The FDA has approved cabozantinib (Cabometyx) to treat patients with hepatocellular carcinoma (HCC) who previously received sorafenib (Nexavar), according to drug’s developer, Exelixis.
“Patients with this form of advanced liver cancer have few treatment options, particularly once their disease progresses following treatment with sorafenib,” CELESTIAL trial lead investigator Ghassan K. Abou-Alfa, MD, Memorial Sloan Kettering Cancer Center, said in a statement.
“Physicians are eager for new options for these patients, and the results of the CELESTIAL trial demonstrate that Cabometyx has the efficacy and safety profile to become an important new therapy in our efforts to slow disease progression and improve treatment outcomes,” he added.
The approval was based on findings from the phase III CELESTIAL trial, in which overall survival (OS) was improved by 2.2 months with cabozantinib versus placebo. Median OS with cabozantinib was 10.2 versus 8.0 months for placebo, representing a 24% reduction in the risk of death (HR, 0.76; 95% CI, 0.63-0.92; P
Results from the CELESTIAL trial were first presented at the 2018 Gastrointestinal Cancers Symposium
. The study was stopped in October 2017, following a positive interim analysis that showed a significant improvement in OS for cabozantinib. The stoppage was preplanned if the P value for OS reached ≤.021.
In the trial, 707 patients were randomized to receive cabozantinib at 60 mg daily (n = 470) or placebo (n = 237). All patients had an ECOG performance status of 0 or 1, a Child-Pugh score of A, and had progressed on at least 1 prior systemic therapy for advanced HCC, with 70% having received only prior sorafenib (Nexavar).
Baseline characteristics were balanced between the arms. The median age was 64 years and 82% were male. The baseline etiologies included hepatitis B virus infection (38%) and hepatitis C virus infection (24%). Over three-fourths of patients had extrahepatic spread (78%) and 30% had macrovascular invasion, with 27% of patients having both. A quarter of patients were enrolled in Asia (25%) and 27% had received 2 prior systemic therapies.
The median progression-free survival (PFS) was 5.2 months compared with 1.9 months for placebo, which was a 56% reduction in the risk of progression or death with the targeted therapy (HR, 0.44, 95% CI, 0.36-0.52; P <.0001). The objective response rate (ORR) was 4% with cabozantinib compared with 0.4% with placebo (P = .0086). When including those with stable disease, the disease control rate with the multikinase inhibitor was 64% compared with 33% for placebo.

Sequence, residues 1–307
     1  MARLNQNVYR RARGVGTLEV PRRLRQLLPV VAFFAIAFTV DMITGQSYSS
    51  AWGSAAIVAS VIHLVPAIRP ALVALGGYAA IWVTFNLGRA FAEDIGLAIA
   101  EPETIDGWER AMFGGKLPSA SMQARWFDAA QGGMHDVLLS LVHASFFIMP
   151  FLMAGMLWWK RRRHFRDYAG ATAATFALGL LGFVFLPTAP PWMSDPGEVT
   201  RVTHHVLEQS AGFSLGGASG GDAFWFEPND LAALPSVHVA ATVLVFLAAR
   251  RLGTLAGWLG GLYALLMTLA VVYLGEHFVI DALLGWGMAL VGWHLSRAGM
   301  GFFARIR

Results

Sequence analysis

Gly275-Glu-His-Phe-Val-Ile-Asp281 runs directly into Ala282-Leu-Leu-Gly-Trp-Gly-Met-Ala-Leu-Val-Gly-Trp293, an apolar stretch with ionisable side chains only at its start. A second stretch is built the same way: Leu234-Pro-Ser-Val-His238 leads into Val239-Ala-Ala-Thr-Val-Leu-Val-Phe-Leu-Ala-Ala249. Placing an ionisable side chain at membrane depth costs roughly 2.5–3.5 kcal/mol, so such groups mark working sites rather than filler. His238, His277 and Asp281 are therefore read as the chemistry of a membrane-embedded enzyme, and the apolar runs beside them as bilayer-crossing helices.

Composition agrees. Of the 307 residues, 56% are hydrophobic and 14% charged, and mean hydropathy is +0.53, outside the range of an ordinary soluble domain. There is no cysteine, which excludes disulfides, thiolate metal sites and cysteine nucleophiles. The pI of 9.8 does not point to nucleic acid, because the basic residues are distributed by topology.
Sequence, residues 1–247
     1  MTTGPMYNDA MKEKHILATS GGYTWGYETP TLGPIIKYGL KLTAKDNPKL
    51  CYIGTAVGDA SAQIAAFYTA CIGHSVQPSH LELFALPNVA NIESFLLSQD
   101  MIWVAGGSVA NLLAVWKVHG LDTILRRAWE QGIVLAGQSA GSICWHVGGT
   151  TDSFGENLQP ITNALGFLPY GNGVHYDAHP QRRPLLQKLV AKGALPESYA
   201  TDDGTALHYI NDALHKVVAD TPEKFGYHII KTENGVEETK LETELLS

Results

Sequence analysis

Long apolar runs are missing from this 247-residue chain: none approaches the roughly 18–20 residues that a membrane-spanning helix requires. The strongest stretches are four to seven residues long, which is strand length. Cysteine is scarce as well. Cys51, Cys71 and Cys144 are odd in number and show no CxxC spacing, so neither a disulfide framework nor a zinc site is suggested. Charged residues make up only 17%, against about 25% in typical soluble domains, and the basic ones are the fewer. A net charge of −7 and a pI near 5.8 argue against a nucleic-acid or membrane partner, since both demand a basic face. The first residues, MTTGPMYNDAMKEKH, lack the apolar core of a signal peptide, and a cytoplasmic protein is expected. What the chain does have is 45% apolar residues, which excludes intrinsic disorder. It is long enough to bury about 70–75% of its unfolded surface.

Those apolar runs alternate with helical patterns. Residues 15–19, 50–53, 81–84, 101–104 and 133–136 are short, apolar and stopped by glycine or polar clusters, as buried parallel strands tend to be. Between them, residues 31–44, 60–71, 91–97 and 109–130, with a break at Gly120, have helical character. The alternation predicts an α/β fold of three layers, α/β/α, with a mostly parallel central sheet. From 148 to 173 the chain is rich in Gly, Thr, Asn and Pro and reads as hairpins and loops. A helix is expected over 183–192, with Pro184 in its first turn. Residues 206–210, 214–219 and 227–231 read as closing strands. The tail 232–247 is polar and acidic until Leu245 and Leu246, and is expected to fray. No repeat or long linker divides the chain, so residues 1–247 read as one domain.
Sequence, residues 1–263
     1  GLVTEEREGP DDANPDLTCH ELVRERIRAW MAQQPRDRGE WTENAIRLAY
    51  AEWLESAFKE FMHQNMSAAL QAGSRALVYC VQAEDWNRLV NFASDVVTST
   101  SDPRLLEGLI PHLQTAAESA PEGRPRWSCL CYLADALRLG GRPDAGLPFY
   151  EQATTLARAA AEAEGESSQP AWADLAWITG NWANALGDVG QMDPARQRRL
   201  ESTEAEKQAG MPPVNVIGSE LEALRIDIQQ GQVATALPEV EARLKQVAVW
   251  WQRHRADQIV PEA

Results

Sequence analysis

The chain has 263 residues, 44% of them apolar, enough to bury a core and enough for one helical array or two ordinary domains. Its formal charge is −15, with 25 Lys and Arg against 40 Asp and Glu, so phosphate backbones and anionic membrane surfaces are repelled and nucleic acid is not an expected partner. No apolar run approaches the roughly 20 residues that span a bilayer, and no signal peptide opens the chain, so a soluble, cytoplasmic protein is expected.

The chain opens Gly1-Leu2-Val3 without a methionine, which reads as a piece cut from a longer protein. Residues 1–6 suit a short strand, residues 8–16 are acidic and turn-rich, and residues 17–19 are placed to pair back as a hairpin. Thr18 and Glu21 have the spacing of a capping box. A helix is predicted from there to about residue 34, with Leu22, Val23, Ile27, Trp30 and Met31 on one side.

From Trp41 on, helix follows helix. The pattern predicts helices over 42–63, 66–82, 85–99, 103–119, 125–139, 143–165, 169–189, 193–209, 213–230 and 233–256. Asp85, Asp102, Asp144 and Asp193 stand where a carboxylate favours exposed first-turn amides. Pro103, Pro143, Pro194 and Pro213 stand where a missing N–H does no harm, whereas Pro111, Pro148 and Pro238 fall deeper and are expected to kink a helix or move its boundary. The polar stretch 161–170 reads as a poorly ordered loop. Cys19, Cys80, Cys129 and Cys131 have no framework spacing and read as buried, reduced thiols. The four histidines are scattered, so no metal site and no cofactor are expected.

In a subgroup analysis of those who received only prior sorafenib for advanced HCC, the median OS was 11.3 months with cabozantinib compared with 7.2 months for placebo (HR, 0.70; 95% CI, 0.55-0.88). The median PFS in this group was 5.5 months with cabozantinib versus 1.9 months with placebo (HR, 0.40; 95% CI, 0.32-0.50).
More patients discontinued therapy due to treatment-related adverse events (AEs) with cabozantinib (16%) versus placebo (3%). The most common grade 3/4 AEs with cabozantinib versus placebo were palmar-plantar erythrodysesthesia (17% vs 0%), hypertension (16% vs 2%), increased aspartate aminotransferase (12% vs 7%), fatigue (10% vs 4%), and diarrhea (10% vs 2%).
There was a higher incidence of grade 5 AEs in the cabozantinib arm compared with placebo. Overall, 6 patients had a grade 5 AE in the cabozantinib arm, which included hepatic failure, esophagobronchial fistula, portal vein thrombosis, upper gastrointestinal hemorrhage, pulmonary embolism, and hepatorenal syndrome. One patient in the placebo group died of hepatic failure.
“This new indication for Cabometyx is an important treatment advance for patients with this aggressive form of liver cancer, a community in need of new therapeutic options,” “This approval is an important milestone as we continue to explore how Cabometyx may benefit people with difficult-to-treat-cancers beyond renal cell carcinoma,” Michael M. Morrissey, PhD, president and chief executive officer of Exelixis, said in a statement. “We would like to thank the patients and clinicians who participated in CELESTIAL and to acknowledge the team at the FDA for their continued collaboration during the review of our application.”
Cabozantinib was initially approved by the FDA as a treatment for patients with medullary thyroid cancer in 2012. In April 2016, the agent received a new indication as a treatment for patients with advanced renal cell carcinoma
(RCC) following one prior anti-angiogenic therapy. This approval was further expanded in December 2017 to include the treatment of patients with advanced RCC in the first-line setting. Numerous other trials exploring the agent remain ongoing.
Abou-Alfa GK, Meyer T, Cheng A-L, et al. Cabozantinib (C) versus placebo (P) in patients (pts) with advanced hepatocellular carcinoma (HCC) who have received prior sorafenib: Results from the randomized phase III CELESTIAL trial. J Clin Oncol
. 2018;36 (suppl 4S; abstr 208).
This article originally appeared on OncLive® as “FDA Approves Cabozantinib for Advanced HCC.”